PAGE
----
There are some must-read books in personal finances that will help you develop good saving habits.
Undergoing training and taking the time to read can help you improve economic control so you can become more financially literate and, ultimately, increase your financial freedom.
While many manage perfectly well relying on their intuition to guide their spending habits, it can also be useful to expand your knowledge and set up a budget, an emergency fund, or ensure you have a financial contingency plan in the event of something unexpected.
One way to get on the right track with your money is by reading.
There is a wide range of reading material that can help you apply a better philosophy to your finances.
One of them is Rich Dad, Poor Dad, a must-read if you want to learn about personal finance.
It offers smart ways to escape the vicious circle of working hard for others your whole life while failing to save anything.
Here are seven helpful lessons you can apply from the book to your own life.
1. The rich make their money work for them
You must have heard the phrase “live to work or work to live”.
This is one of the basic concepts addressed in the book.
Most work to survive. If they have money problems, they ride them out or ask for a raise.
This is the vicious cycle most middle and working-class people fall into.
Generally, people with fewer financial resources study to get a good education to qualify for more relevant jobs so they can then earn more money.
They tend to avoid taking risks for fear of not being able to pay their debts, being fired, or not having the money they need to survive.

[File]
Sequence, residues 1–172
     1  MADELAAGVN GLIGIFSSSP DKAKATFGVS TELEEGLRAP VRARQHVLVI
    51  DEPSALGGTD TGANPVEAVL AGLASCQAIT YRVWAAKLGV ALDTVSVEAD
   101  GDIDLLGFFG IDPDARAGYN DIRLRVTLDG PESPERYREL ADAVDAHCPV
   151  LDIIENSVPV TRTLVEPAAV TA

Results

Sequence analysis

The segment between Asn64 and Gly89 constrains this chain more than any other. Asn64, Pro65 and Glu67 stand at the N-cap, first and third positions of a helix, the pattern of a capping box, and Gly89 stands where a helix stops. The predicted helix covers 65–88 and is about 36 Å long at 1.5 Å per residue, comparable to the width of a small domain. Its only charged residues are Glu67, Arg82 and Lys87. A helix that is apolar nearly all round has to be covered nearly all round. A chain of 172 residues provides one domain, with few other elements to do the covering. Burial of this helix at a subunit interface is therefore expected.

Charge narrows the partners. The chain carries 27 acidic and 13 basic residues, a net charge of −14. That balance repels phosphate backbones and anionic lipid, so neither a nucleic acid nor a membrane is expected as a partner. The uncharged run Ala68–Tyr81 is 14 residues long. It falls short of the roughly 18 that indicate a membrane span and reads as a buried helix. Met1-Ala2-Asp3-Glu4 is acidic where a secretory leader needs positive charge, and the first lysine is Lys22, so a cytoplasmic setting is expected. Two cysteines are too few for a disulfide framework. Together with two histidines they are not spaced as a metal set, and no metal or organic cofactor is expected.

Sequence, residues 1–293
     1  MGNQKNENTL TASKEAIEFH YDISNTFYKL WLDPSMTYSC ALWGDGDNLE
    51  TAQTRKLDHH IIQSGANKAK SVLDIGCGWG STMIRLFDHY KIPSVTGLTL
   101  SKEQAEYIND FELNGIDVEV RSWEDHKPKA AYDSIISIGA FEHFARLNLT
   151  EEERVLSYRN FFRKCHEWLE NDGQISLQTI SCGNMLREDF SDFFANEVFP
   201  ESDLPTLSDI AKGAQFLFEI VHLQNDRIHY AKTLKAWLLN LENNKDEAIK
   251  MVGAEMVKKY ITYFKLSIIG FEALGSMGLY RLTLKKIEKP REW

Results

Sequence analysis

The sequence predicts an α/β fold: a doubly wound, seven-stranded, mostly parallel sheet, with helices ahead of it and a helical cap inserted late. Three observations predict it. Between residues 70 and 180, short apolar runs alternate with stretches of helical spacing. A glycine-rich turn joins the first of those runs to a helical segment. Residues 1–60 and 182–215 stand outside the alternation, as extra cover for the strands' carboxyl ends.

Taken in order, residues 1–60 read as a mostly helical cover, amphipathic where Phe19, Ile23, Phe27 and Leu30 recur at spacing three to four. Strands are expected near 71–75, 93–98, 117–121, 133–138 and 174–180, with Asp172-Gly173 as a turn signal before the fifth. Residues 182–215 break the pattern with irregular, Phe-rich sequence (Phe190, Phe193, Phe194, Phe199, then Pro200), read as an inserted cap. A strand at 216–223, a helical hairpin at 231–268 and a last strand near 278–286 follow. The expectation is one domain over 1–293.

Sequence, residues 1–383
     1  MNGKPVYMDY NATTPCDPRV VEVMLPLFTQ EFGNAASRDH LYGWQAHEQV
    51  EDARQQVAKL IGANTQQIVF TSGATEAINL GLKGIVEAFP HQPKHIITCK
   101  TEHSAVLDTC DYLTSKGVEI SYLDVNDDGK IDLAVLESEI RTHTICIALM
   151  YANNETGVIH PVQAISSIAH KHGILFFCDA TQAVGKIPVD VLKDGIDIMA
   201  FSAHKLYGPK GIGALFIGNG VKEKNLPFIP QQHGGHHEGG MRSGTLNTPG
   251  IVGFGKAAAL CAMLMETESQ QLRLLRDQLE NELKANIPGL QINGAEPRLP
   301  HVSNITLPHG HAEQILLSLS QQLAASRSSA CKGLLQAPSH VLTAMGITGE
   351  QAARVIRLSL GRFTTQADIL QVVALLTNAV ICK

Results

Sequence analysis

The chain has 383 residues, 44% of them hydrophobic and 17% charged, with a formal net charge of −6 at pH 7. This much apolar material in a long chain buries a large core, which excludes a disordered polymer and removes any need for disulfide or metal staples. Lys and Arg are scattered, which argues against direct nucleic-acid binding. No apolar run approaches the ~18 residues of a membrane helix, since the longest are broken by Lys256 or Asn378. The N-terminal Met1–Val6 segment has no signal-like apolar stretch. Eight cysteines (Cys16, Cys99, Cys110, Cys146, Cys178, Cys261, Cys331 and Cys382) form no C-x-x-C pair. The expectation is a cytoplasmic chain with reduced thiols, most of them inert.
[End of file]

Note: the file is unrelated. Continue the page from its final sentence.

On the other hand, rich people make money and don’t work to earn it.
In other words, they buy assets that generate income. This is one of the book’s most important lessons.
2. Financial education is your greatest asset
According to this book, money isn’t your greatest asset.
If people are prepared to be flexible, have an open mind, and learn, they will tend to get richer.
If a person thinks capital solves all their problems, they will usually have problems their whole lives.
“Intelligence solves problems and produces money, and money without financial intelligence is quickly lost,” says Robert Kiyosaki, author of the book.
The book recommends having knowledge of accounting, investing, markets, law, bidding, marketing, leadership, writing, public speaking, and communication.
3. Don’t work to earn money; work to learn
Another of the book’s great teachings is that work is to be used as a platform to improve the skills you have.
“Find a job where you can learn the above skills,” says Kiyosaki.
He stresses that learning can make you much more knowledgeable and can provide you with unique skills to improve your professional situation.
4. Know the difference between assets and liabilities
“An asset is something that puts money in your pocket and a liability is something that takes money out of your pocket,” the book explains.
In this sense, rich people acquire assets (securities and investments) and poor people add liabilities (commitments and obligations).
This is the main difference that can punctuate the future development of an individual’s personal finances.
5. Reduce your spending as much as possible